By the time Bruce and I finished visiting, the college was closing and there were rumours going around that Standoff was already in a white-out. Driving home, all I encountered was the dense fog again. The heavy winds that had been expected never came. Still, I was glad that somebody had made the call to close-shop. All too often, we don’t act until a storm is already upon us, and then we all drive home through the worst of it. The problem is, we just can’t seem to accurately read the approaching weather.

Since I was home early, I thought it was the perfect opportunity to get down into the coulees for the magic hour of dusk. And since I already knew the access road to the river-bottom was closed, I figured there was no need to go driving anywhere. I might as well just walk down to the Old Man from my house, which sits about half a kilometre from the coulee rim.

Again I took my video camera, in hopes of spotting the elusive cliff-dwelling rodent. As the Sun disappeared and darkness began to slowly close, I followed along an old barbwire fence. I’d gone this way late one night last winter, and walked right through the middle of a herd of mule deer, who weren’t startled at all by my presence. This evening there were no deer, no rabbits, no coyotes that I could see. Just the occasional black-billed magpie flying from ridge to ridge, between drainages.

The fence-line took me down to the edge of a cliff, about three kilometres downriver from where I’d been hiking the last few weeks. From that vantage point, I could see a rift in the ice upstream, much larger than any of the open crags I’d visited near the confluence. I could also see that there were Canada geese sitting on the ice all around this rift. They looked like black dots from where I stood, but I knew right away what they were. From that distance, I estimated there were at least a hundred, possibly many more. Just like that, all my intentions of scanning the cliffs for rodents evaporated. I’d found my wintering geese.

Sitting down to slide part of the way downhill, I completed my descent of the coulee. On the other side of the river was a long island, thick with poplars and brush that I could use to conceal my approach. No sooner had I crossed the ice than I noticed a large flock coming in to join those already seated by the open water. A few minutes later, two more flocks dropped from the sky. As I walked hurriedly upriver, wave after wave began to come in for a landing. I was far too excited to count. All I could say for sure was that barely a minute passed between new arrivals.

I wanted desperately to film this event, and soon I was rushing through the forest to secure a decent position. I eventually chose a seat on one of the island’s cutbanks, right next to a young poplar tree that I thought would provide at least a little camouflage. I pulled out my video camera, turned the night-vision feature on, and started filming. For the next fifteen minutes, one flock after another came to rest at this bit of open water. Some of the flocks were quite sizeable, with probably eighty or more members. All of them, interestingly, appeared to be returning from the prairies upriver. Not one goose flew in from downstream. On the other hand, about one in every six returning flocks continued past this open water, moving downriver to where I’m sure there must be another rendezvous site.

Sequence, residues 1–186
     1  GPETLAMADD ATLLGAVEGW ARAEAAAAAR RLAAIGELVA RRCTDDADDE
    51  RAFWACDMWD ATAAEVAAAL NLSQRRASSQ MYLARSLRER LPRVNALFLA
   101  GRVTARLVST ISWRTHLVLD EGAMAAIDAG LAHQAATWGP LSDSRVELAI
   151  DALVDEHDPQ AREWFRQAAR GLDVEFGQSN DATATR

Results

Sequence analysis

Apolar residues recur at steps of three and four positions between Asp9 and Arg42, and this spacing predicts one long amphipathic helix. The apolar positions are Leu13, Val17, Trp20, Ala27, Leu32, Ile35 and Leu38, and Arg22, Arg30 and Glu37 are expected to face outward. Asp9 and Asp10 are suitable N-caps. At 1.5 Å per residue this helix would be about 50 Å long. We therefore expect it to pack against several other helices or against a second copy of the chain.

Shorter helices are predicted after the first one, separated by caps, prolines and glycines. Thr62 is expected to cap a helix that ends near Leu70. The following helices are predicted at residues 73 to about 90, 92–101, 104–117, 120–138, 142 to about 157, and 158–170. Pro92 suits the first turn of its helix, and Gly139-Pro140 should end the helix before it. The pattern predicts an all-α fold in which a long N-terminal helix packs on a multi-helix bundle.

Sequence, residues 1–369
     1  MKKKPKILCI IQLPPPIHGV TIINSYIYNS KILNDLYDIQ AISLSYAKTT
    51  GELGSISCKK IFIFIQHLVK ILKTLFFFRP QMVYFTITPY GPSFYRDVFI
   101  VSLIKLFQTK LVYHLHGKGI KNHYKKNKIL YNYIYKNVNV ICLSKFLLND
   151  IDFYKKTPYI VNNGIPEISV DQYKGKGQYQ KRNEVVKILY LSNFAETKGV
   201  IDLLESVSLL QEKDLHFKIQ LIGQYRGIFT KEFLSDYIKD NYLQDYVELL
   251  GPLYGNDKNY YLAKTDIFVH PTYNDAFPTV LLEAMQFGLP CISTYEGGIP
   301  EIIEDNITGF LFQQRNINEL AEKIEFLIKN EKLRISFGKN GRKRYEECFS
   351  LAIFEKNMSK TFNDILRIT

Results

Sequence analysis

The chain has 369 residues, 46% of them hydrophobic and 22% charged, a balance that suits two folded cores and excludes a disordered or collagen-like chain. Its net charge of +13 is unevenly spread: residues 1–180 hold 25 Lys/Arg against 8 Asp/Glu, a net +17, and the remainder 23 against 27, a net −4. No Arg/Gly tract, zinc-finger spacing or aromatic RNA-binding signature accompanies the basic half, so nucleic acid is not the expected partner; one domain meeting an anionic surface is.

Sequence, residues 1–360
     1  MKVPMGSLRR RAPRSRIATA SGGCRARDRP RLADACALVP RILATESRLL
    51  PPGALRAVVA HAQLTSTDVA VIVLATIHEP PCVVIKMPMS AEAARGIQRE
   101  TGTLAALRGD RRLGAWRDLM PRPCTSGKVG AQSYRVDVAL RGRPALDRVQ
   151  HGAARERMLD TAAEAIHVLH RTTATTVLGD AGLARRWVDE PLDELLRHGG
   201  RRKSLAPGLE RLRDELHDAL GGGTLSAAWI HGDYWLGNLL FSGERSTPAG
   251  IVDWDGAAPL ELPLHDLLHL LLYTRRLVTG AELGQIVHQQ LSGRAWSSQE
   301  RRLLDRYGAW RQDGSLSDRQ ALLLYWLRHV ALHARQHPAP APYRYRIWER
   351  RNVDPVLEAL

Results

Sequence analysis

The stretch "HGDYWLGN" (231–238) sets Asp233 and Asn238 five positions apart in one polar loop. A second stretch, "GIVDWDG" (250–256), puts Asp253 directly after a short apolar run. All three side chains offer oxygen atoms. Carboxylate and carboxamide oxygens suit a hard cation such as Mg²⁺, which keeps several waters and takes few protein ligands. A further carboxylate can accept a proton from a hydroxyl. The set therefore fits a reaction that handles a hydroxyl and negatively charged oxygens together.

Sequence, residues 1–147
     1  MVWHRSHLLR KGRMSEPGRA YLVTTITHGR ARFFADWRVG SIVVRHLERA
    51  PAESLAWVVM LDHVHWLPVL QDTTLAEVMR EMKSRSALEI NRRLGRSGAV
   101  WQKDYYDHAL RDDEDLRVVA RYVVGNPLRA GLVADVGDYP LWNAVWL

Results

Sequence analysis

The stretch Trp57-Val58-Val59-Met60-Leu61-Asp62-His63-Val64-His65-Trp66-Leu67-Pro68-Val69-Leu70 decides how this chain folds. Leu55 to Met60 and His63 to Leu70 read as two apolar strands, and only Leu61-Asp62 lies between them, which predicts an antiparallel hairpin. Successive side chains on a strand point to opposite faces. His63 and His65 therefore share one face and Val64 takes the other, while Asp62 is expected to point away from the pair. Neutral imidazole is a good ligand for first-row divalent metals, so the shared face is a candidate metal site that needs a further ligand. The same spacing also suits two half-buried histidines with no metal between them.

Eventually, it got too dark to continue recording, and I began to grow cold. But in the moment, neither inconvenience seemed to matter. I’d been watching for at least a half hour, and there were still straggling flocks arriving every four or five minutes. The geese on the ice, who’d been exceptionally loud during the height of this event, now sat quiet. The only time they made noise was to alert another flock of their position. The darker it became, the more it seemed this guidance was needed. I observed two late-arriving flocks in particular that looked as though they would have flew right past if it weren’t for the assistance of calls from below. I know an ornithologist might try to rationalize this helpful behaviour with something akin to the standard “safety in numbers”. But that’s not the sensation I had, as an observer. To me, it seemed the geese had a very strong kinship, such that they would be willing to risk betraying their own position to ensure the safety arrival of the collective. Those who were called down were those who belonged to this single, extended winter family.

I only walked away when the number of new arrivals seriously slowed down. By that time, I calculated (loosely) that there must have been at least a thousand geese at this location. Probably many more. My previous experiences observing Canada geese had all been during the spring nesting period. I had no idea that those who wintered here, feeding in small groups on the farm fields, gathered together each evening at the river. I was completely blown away by the magnitude of this event. And I sat there utterly in awe of the way they responded to the transformation of daylight to darkness. This kind of collective, coordinated, and cooperative response behaviour, harmonized to natural ecological stimuli… this is what we human beings presently lack.

As I climbed back up the coulee, toward the lights of my neighbourhood in the distance, I heard the coyotes howling in a valley across the river. The drama of the night, I understood, was just beginning. I would have to return there again if I hoped to take part.